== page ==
DUBAI // The series of glass domes in a valley in Cornwall, in rural south-west England, looks thoroughly out of place. Built for the millennium, they are the Eden Project, a conservation effort intended to provide people with an education experience and preserve some of the world's threatened habitats.
Now Dubai - perhaps a more fitting home for a futuristic cityscape - is planning its own domed village, with a rather different message to promote: human rights. The project is necessary, according to Dr Sultan al Jamal, director of the Dubai Police's anti-human trafficking department, because too many people in the UAE are unaware of the idea of human rights. "People here need to take the initiative and be brave and fight for human rights," he said at a panel meeting at The Shelter yesterday to mark World Human Rights Day, the 61st anniversary of the Universal Declaration of Human Rights.
Dr al Jamal added that people needed to become more engaged in the struggle to protect human rights. "Take women, children, labourers, for example," he said. "We need to put the spotlight on them." In recent comments, Andrea al Balawi, the programme development manager for the Dubai Foundation for Women and Children, said: "Human rights - often sound or feel very abstract. "All our work is where the rubber meets the road: taking high-minded principles and putting them into practice."
The Human Rights Village, whose location has yet to be decided, will consist of five domes addressing different topics, and will be available and accessible to everyone. The first dome will focus on human rights from birth to death, the second on health, the third on food and water, the fourth on education, and the fifth will consist of a "challenging room" where issues are discussed and addressed.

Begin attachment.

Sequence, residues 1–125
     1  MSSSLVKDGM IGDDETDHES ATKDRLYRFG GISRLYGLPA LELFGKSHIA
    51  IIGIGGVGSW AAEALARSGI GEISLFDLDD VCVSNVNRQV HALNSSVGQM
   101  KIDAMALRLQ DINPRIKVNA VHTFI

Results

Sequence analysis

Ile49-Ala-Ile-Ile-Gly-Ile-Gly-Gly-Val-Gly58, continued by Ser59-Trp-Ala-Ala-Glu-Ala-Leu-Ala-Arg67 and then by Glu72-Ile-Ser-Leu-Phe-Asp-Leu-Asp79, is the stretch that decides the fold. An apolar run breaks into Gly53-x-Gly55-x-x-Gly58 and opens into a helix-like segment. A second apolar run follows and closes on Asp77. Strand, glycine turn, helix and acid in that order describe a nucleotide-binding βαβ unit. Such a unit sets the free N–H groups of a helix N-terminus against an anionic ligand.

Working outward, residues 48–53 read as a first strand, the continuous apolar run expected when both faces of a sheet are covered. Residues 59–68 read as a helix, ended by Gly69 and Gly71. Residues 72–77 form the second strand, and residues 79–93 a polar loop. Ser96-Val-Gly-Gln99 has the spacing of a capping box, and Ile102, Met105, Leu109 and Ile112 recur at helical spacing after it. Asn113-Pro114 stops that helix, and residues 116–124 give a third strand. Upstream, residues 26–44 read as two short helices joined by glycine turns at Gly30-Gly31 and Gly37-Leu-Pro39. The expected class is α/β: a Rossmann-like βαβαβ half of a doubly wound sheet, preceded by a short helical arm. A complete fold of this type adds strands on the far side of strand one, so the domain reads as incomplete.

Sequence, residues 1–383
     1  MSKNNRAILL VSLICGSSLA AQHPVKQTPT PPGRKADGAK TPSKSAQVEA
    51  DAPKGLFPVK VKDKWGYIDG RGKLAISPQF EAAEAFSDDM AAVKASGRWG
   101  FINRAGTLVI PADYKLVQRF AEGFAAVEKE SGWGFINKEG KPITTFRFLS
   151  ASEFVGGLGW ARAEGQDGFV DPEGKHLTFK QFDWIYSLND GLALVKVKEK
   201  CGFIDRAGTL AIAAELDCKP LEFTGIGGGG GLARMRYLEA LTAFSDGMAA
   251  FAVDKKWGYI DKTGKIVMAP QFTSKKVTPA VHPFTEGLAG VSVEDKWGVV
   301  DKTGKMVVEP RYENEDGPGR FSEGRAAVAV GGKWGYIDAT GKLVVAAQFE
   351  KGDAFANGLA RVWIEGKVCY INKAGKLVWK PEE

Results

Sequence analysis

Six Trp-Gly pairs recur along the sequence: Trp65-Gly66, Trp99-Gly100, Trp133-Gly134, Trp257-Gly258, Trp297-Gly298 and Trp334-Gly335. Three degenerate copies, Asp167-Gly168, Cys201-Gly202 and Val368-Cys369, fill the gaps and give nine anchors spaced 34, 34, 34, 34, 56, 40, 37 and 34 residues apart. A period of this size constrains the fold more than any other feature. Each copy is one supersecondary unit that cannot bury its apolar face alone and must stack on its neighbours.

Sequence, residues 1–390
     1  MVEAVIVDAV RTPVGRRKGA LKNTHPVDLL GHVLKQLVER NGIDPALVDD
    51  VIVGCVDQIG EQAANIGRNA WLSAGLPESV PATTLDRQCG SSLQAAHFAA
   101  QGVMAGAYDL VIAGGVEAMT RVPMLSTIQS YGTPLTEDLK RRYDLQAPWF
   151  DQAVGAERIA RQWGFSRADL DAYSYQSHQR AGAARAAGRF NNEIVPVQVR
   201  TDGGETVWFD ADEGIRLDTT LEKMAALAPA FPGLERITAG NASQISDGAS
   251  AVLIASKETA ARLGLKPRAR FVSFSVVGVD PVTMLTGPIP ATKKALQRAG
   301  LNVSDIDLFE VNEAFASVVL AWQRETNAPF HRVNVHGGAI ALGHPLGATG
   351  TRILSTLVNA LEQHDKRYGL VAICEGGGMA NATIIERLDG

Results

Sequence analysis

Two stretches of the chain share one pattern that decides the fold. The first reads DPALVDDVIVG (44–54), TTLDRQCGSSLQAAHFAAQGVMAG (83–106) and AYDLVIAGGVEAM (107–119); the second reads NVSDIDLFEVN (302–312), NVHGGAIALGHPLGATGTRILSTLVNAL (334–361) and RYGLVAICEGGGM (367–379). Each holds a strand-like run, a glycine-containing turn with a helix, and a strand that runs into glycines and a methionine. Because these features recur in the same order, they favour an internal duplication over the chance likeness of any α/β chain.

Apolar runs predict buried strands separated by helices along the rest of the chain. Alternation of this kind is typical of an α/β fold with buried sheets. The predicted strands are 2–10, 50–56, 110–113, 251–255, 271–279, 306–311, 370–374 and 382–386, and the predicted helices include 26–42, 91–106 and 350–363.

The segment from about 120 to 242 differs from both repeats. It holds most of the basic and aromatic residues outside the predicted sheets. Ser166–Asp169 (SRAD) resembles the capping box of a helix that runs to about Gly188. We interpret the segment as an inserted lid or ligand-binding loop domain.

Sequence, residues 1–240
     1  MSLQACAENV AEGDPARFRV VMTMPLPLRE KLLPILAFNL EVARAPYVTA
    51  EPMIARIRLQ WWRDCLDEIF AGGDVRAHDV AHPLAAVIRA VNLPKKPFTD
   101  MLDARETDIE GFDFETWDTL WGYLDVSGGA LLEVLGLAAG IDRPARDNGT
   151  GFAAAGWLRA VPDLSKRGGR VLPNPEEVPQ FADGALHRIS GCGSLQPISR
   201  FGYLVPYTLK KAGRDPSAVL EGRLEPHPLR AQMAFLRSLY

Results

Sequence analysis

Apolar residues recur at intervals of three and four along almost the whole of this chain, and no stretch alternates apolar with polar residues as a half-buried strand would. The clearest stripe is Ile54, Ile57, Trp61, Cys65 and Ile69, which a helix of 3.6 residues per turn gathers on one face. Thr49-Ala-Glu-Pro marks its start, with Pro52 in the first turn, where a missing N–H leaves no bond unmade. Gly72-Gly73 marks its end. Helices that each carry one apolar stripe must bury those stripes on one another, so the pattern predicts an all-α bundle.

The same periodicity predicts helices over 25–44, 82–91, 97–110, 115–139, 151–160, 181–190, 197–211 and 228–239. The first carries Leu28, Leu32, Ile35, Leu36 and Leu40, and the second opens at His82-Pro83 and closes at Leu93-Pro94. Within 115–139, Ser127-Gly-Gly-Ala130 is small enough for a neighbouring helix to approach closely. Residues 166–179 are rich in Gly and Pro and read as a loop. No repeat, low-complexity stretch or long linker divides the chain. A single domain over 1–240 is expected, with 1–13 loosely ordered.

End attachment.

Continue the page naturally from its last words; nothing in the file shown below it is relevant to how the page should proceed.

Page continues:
Each dome will also have classrooms for training with specialists in specific areas of human rights, said Dr al Jamal. There will also be a sixth dome dedicated to Sheikh Mohammed bin Rashid, Vice President of the UAE and Ruler of Dubai, to honour his efforts to promote human rights. Urs Stirnimann, a legal consultant based in Dubai and former delegate to the International Committee of the Red Cross, emphasised that human rights work had to start at home.
"It is more difficult to clean up your own house than to go to someone else's and tell them how to clean theirs," he said. "It needs to come from within." According to him, there is no country in the world that has not violated human rights at some point, and those violations need to be addressed. The UAE has sometimes been criticised in the foreign media and by international pressure groups for its human rights record.
Githu Muigai, the UN special rapporteur on contemporary forms of racism and xenophobia, drew attention to the problem of human trafficking in the UAE after a five-day visit to the country in October. He also called for an end to discrimination against migrant workers, and voiced concerns about the system of granting citizenship. In May, the Government expressed its disappointment at a report by the pressure group Human Rights Watch on labour conditions on Saadiyat Island in Abu Dhabi, arguing that the organisation had failed to recognise its concerted efforts to improve the conditions.
The report claimed conditions for construction workers on the island amounted to "forced labour". Dr Anwar Gargash, the Minister of State for Foreign Affairs, said the report was an attempt to sensationalise the issue. email@example.com